7. In an order dated 11.8.2006, the High Court declined to expunge the impugned observations because it had made them "... consciously and there are no reasons to expunge the same." Nevertheless, the High Court clarified the matter by stating as under:
"However, it is clarified that any observation made against ICICI Bank in the order passed by this Court on 13.07.2006 shall not influence or affect the proceedings, if any, taken against the said bank or its employees."
8. Given that the investigation had not been completed, the High Court could have prefaced its observations by stating that the facts were alleged. It did, however, note that "... perusal of the complaint would reveal that the proximate cause of death ... was on account of humiliation caused by the Bank people ... ." Reference to the "complaint" implies that its contents contain allegations, not facts. Moreover, the investigation was ongoing. Thus, it should have been understood that the High Court was referring to alleged facts. That said, the court could have been more careful to note that the facts that it discussed were alleged. Recognizing as much, the court clarified that its observations were not to influence or affect the proceedings.
9. We reiterate the same. They will have no bearing on the ongoing investigation. Given this clarification, we do not feel that the appellant bank has been substantially aggrieved. Nor do we believe that expunging the impugned observations would have much of an effect. Under either scenario, having the observations expunged or having them clarified, no one can rely on the observations.
10. As mentioned, the investigation is ongoing. Neither the High Court's order nor the observations made herein are to influence the investigation, save the time period in which it must be completed. Nevertheless, it is appropriate to remind financial institutions that they are bound by law. The recovery of loans or seizure of vehicles can only be done through legal means.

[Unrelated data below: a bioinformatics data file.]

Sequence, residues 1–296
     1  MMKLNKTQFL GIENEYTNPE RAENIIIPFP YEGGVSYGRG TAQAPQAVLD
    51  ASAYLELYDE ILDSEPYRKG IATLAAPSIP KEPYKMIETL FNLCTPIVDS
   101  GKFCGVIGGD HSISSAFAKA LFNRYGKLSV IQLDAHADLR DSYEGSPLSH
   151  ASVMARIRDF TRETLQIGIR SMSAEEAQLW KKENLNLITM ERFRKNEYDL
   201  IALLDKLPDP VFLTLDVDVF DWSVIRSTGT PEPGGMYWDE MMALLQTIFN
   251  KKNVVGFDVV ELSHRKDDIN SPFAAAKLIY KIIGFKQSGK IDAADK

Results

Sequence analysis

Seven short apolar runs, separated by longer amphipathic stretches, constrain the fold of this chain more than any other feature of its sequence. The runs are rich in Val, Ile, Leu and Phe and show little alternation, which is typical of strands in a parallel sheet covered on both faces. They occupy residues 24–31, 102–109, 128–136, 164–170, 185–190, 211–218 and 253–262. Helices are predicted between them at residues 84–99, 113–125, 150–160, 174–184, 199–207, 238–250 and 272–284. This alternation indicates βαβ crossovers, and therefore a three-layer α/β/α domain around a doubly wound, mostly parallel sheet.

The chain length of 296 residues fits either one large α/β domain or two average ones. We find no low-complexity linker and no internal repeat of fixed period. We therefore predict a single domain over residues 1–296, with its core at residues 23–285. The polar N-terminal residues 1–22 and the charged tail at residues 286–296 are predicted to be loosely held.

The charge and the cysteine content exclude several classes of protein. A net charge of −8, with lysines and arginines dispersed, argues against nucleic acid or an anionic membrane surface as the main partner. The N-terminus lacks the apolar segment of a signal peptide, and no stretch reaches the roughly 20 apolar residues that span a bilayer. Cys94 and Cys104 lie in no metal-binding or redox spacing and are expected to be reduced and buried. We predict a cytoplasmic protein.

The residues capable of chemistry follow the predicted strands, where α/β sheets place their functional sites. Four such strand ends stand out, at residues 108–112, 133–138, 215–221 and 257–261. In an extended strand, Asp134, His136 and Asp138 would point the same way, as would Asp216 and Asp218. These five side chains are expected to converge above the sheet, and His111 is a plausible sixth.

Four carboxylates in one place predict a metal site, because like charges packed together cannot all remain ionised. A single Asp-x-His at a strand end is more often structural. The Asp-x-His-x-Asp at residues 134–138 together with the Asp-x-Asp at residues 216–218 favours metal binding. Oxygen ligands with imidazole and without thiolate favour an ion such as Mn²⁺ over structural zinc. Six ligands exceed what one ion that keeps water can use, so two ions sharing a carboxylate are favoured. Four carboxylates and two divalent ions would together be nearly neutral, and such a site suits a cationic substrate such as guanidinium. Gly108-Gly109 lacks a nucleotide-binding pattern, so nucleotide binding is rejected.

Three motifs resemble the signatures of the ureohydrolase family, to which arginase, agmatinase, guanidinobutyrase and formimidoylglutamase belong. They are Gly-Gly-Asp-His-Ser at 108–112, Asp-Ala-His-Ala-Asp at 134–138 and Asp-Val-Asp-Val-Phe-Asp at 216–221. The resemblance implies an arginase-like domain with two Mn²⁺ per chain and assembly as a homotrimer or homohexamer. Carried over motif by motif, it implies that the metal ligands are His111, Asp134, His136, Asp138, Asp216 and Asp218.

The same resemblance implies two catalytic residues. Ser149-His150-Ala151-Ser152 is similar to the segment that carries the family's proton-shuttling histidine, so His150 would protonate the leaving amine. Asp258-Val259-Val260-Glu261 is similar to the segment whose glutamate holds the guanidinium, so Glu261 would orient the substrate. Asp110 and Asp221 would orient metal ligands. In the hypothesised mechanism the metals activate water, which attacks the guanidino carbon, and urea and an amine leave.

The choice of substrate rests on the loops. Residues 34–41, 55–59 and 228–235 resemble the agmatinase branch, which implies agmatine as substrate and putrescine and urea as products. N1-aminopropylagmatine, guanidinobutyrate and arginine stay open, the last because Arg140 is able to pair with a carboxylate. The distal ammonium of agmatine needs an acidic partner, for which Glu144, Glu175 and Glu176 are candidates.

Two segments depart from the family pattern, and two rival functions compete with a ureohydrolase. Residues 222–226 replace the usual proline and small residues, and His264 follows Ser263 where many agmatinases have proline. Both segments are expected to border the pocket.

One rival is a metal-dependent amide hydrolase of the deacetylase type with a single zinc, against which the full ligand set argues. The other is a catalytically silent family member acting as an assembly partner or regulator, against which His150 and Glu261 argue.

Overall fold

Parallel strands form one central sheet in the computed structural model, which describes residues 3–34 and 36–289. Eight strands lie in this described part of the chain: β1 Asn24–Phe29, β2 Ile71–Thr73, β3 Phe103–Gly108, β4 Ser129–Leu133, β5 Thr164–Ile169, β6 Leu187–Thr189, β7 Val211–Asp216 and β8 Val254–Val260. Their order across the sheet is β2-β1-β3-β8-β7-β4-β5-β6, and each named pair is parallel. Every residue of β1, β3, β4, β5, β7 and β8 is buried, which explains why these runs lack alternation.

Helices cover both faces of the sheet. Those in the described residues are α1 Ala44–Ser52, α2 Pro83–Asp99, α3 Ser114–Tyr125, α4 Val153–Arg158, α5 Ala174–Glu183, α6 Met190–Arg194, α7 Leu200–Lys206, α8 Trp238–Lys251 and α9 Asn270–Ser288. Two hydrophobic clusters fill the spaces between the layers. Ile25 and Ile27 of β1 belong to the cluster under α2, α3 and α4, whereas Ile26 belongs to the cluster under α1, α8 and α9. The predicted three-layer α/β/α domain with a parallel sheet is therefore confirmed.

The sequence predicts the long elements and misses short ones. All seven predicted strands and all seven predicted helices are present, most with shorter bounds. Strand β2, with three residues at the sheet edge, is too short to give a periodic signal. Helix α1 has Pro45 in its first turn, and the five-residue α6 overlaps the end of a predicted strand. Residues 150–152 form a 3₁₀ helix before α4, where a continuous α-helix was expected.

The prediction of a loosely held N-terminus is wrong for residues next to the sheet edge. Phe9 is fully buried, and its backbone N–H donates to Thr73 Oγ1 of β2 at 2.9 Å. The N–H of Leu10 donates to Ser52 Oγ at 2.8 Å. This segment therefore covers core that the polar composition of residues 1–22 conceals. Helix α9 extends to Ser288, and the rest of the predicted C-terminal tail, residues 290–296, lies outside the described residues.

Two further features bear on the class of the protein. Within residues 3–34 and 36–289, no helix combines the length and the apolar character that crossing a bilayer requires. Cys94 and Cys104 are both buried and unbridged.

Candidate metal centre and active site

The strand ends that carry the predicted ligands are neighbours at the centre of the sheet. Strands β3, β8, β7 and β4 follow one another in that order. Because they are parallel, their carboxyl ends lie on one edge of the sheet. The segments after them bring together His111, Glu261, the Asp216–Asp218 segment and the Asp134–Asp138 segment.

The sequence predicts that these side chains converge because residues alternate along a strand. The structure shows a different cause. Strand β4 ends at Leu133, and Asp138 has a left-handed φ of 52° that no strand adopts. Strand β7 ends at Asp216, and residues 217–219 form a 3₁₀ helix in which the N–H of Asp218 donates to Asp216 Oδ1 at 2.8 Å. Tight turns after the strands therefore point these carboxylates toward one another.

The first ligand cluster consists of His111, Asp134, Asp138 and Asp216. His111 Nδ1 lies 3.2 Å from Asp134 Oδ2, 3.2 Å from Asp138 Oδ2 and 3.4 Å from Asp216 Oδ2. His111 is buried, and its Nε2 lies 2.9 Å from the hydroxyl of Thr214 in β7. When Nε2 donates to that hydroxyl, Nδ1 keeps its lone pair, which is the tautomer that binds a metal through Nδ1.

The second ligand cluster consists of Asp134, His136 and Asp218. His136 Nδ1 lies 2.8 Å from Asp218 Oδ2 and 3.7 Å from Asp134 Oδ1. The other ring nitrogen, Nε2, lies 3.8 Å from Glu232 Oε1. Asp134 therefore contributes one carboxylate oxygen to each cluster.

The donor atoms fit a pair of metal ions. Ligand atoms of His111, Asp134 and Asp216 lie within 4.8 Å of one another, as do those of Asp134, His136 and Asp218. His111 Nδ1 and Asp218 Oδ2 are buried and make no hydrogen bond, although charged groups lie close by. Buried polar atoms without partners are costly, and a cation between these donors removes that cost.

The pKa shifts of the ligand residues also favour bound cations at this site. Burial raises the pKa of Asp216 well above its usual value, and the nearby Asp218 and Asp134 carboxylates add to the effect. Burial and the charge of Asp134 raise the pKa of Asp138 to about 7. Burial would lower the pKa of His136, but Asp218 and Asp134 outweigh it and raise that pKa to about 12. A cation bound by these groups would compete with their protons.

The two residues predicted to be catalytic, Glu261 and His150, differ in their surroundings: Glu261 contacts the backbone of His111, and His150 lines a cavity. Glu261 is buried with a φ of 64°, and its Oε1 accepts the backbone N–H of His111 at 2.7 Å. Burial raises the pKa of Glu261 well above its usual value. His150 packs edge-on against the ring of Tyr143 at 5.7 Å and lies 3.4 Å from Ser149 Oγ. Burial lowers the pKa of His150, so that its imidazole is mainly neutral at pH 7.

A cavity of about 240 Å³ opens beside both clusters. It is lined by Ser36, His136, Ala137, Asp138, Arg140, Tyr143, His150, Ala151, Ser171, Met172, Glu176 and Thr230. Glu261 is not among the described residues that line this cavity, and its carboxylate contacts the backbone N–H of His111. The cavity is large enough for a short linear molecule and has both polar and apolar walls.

11. The Securitization and Reconstruction of Financial Assets and Enforcement of Security Interest Act, 2002 ("SARFAESI") and the Security Interest (Enforcement) Rules, 2002 ("SIER") framed thereunder provide some of the procedures by which security interests may be recovered. In addition to SARFAESI and SIER, the Reserve Bank of India ("RBI") has promulgated Guidelines on the subject. The RBI Guidelines on Fair Practices Code for Lenders dated 5.5.2003 provides at (v)(c) that: "In the matter of recovery of loans, the lenders should not resort to undue harassment viz. persistently bothering the borrowers at odd hours, use of muscle power for recovery of loans, etc."
12. A more comprehensive version of these Guidelines was recently released on April 24, 2008. The Guidelines expressly reference the 5.5.2003 Guidelines at (i)(x) with regard to the methods by which recovery agents collect on security interests. In addition, the April 24, 2008 Guidelines further referred paragraph 6 of the "Code of Bank's Commitment to Customers" (BCSBI Code) pertaining to collection of dues. The BCSBI Code at para 6 inter alia provides:
"All the members of the staff or any person authorized to represent our bank in collection or/and security repossession would follow the guidelines set out below:
1. You would be contacted ordinarily at the place of your choice and in the absence of any specified place at the place of your residence and if unavailable at your residence, at the place of business/occupation.
2. Identity and authority to represent would be made known to you at the first instance.
3. Your privacy would be respected.
4. Interaction with you would be in a civil manner.
5. Normally our representatives will contact you between 0700 hours and 1900 hrs, unless the special circumstances of your business or occupation require otherwise.
6. Your requests to avoid calls at a particular time or at a particular place would be honored as far as possible.
7. Time and number of calls and contents of conversation would be documented.